I've just ported one of my D7 modules, Views Contextual Range Filter, to D8. Phew! That took longer than I'd hoped.
In terms of the effort, I'm not referring to us developers having to convert our .info files to .info.yml files. Or that for configuration variables our trusty
mymodule_settings() function now needs to return
system_config_form($form, $form_state) and that we have to do the saving of our config variables ourselves in another function, using the new API that came out of the CM initiative.
Those were the obvious and the easy bits.
I'm talking Views.
At the time of writing, nothing in this lovely porting tutorial prepares a developer for what they'll face when they port a D7 module that interacts in a big way with Drupal's biggest module, Views.
Views, blocks and the config stuff have plunged deeper into OO through Symfony.
If you're an ex-Java developer like me, then for Symfony read Spring (dependency injection, annotations etc) and you should be right… after the initial shock ... And after a few days of poking, trying to figure things out and reworking your code.
If you only know enough OO to get by in D7, then brace yourself for a brush-up. Big time. Expect to see more of the :: symbol and of that function return chaining thingy (->) so popular in Ruby. If you don't know what I'm talking about, then you're getting my point exactly.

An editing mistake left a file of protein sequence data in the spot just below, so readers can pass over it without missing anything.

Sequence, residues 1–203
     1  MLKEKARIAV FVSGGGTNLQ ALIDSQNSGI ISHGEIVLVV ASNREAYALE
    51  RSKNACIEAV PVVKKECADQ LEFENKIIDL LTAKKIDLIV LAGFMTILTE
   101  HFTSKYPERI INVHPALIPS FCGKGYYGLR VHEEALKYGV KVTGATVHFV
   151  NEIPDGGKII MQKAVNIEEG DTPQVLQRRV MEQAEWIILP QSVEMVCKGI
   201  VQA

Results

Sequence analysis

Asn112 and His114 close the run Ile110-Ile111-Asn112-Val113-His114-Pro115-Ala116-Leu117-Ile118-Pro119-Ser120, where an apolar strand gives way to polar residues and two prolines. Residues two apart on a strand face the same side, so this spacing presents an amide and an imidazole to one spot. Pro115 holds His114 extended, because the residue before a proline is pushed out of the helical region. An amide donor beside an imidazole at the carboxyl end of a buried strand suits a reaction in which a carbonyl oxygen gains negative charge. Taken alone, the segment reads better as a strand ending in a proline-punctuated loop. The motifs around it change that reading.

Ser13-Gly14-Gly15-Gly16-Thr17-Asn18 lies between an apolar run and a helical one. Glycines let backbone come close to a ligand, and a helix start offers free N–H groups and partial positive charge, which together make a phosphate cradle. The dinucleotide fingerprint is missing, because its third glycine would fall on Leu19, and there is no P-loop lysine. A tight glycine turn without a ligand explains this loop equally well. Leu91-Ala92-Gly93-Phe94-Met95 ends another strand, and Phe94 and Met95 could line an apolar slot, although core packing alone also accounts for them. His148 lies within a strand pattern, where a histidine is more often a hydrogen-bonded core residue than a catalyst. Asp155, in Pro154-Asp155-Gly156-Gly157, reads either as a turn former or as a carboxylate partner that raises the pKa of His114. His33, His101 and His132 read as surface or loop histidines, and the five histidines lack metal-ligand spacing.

With CTools gone and Views Symfonised, we're not just talking symbols and name changes here. Most of your D7 Views code will be broken: your handlers, plugins, argument code… pretty much everything… Some D7 hooks are gone. Some View data publicly available in D7 is now protected, so new access functions are required to get to it and manipulate it.
Finding where to start can be a daunting task in itself. Your D7 class views/handler/views_handler_argument_numeric.inc for instance, looks and feels different and lives in core/modules/views/lib/Drupal/views/Plugin/views/argument/Numeric.php. Makes sense? Not to me either. Not at first.
With their Symfonication, the new Views parts have also adopted CamelCase notation rather than lowercase plus underscores. Yep… We now have double coding-standards. What is the Coder module going to recommend, I wonder?
The good news? Revisiting your old code is an opportunity to get it right the second time. And Symfony is cool.
So, coming out at the other end of that tunnel, your code does shine a little brighter. Cleaner. And ready to take on the future.